Mi Mercado Hispanic grocery in underserved northeast KC is closing after just six months

02/16/2014 4:25 PM

02/16/2014 10:15 PM

A new grocery designed to meet the needs of an underserved urban core is closing six months after it opened.

Mi Mercado, a full-line Hispanic grocery store at 3719 Independence Ave. in northeast Kansas City, is scheduled to close Tuesday.

Cosentinos Food Stores had long operated a store in the building, but sales were declining under the Apple Market banner. Market research by Cosentinos showed that about 20,000 Hispanics lived within a three-mile radius of the store. So the company shut the Apple Market store down for a month last summer, remodeled it and reopened as Mi Mercado in August.

It offered all the traditional grocery departments, as well as items such as freshly made salsa and tortillas and crema Salvadorena. Brightly colored pinatas were strung over the checkout lanes. It also had new flooring, new signs and a prepared-food area with picnic table seating.

Still, Cosentinos said sales over the last six months did not increase enough to keep the store open.

“It was a very difficult decision for our family and one of the hardest since I started in the business in the early 1990s,” said John Cosentino, vice president of Cosentinos Food Stores. “We tried something, and we put all the effort we could in it. But there just were not enough sales.”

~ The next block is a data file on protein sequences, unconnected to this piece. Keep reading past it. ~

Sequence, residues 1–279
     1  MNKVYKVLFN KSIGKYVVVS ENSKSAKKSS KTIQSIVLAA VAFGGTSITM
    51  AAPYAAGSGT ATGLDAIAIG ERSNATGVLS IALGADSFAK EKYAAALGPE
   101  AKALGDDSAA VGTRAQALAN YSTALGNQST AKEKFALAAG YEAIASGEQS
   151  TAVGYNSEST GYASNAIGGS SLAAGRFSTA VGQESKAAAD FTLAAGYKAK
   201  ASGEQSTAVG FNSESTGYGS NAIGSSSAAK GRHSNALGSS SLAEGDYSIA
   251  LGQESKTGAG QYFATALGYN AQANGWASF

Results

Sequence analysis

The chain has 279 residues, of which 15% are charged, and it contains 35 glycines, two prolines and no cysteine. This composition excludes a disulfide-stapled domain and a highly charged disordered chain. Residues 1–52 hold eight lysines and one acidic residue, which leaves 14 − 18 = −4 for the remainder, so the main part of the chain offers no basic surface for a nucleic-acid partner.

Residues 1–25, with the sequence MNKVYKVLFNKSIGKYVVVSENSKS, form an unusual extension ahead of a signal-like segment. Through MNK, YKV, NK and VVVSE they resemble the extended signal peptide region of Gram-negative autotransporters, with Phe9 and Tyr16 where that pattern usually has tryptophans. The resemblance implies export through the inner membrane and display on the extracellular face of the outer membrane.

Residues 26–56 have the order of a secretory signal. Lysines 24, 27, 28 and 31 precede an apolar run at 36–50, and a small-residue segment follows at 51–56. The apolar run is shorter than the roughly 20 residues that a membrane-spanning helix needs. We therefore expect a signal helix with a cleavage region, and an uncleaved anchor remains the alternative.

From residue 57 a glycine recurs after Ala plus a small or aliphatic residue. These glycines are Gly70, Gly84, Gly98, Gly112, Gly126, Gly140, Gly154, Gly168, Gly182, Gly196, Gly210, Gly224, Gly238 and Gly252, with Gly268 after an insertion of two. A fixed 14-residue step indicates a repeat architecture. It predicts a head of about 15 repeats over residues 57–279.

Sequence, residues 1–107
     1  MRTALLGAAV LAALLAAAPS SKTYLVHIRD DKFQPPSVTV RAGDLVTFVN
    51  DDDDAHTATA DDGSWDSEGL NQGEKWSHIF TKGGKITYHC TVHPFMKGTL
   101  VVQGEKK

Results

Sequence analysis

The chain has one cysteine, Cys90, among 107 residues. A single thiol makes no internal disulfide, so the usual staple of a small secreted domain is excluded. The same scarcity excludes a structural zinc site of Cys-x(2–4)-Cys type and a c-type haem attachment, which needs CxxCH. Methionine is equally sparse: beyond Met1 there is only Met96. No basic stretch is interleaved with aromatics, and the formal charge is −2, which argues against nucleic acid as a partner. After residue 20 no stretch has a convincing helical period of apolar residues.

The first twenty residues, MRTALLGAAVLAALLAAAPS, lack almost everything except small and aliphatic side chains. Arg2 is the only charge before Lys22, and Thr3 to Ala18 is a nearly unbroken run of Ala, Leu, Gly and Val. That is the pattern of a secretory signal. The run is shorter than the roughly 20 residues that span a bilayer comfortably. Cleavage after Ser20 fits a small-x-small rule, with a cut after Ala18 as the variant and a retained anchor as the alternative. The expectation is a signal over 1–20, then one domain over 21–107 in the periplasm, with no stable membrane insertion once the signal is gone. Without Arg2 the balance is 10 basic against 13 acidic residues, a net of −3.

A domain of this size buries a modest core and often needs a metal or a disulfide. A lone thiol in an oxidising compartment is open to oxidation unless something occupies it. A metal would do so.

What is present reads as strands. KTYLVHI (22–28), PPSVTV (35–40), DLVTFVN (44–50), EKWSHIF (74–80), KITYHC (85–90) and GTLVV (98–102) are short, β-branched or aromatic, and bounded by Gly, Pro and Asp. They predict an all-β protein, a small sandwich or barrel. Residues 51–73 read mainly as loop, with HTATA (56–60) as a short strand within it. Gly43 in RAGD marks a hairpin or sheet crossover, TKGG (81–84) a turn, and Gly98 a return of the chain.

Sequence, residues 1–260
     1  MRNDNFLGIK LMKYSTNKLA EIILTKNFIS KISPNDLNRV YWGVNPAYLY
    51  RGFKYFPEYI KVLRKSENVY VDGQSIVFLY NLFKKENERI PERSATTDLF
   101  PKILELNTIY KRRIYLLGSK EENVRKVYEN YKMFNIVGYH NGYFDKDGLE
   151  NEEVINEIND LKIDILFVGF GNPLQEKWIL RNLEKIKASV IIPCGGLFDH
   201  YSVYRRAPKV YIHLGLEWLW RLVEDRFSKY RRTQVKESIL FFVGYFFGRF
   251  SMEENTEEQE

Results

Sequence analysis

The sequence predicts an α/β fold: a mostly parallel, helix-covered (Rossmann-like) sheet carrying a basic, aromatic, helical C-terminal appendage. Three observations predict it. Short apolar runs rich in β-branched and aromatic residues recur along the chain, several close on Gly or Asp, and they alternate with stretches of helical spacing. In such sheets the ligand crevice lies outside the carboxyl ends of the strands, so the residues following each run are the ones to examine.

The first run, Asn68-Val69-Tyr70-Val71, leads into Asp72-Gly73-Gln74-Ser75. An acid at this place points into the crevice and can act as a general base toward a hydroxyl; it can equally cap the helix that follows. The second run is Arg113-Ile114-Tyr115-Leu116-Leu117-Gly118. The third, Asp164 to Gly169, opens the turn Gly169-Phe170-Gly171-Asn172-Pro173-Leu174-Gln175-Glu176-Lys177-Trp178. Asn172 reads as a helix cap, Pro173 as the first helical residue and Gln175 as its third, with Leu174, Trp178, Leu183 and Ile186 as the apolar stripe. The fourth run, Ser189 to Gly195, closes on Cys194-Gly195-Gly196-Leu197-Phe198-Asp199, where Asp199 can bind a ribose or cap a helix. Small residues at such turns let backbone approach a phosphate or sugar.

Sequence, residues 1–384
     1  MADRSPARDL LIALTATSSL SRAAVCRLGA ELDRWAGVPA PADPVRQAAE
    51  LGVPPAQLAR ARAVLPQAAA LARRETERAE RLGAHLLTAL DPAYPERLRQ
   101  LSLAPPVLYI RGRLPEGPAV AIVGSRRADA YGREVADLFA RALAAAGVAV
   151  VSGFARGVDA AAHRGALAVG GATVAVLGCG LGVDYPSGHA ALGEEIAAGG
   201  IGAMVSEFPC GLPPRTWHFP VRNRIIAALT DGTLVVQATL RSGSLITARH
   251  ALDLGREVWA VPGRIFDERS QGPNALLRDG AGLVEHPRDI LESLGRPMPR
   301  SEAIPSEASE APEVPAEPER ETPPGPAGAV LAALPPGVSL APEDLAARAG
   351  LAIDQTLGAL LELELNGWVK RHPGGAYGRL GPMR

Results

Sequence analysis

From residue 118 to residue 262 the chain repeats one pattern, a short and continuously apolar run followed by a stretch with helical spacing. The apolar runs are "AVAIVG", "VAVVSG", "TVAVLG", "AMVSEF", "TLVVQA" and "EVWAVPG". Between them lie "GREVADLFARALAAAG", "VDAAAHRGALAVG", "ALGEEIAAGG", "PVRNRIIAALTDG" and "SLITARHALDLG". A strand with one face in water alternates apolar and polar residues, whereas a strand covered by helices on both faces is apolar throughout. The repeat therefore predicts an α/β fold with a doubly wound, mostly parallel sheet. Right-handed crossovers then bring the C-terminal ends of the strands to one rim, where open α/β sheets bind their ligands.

The Cosentino’s Price Chopper at 5800 Wilson Road, about a mile east, will carry many of the items now at Mi Mercado in what the company calls a merger. Mi Mercado’s 85 employees will be offered positions at the company’s other 27 area stores.

Traffic at Mi Mercado was steady Sunday morning with customers filling carts for their weekly shopping trip. Concha Llamas was making a quick run for breakfast items — eggs, French toast and juice — for her visiting grandchildren.

“I liked everything about it. I’m not happy to see it close,” said Llamas, who lives nearby.

New area resident Josh Funk said he liked shopping at the market because of its diversity.

“It’s a place that’s very different, and I think it really plays to the neighborhood,” Funk said.

While the suburbs are saturated with supermarkets, the urban core’s choices are limited.

“I’ve been getting a lot of calls, and I want people to know we are dedicated to our northeast customers,” Cosentino said. “It will be just be one store now instead of two.”

Kansas City’s urban core waited a decade for another urban oasis.

Aldi, a low-price grocery chain, opened a store early this month at 39th Street and Prospect Avenue. The 16,850-square-foot store was first proposed 10 years ago but was delayed several times. Aldi promises it will have the same prices and selections as its suburban stores.


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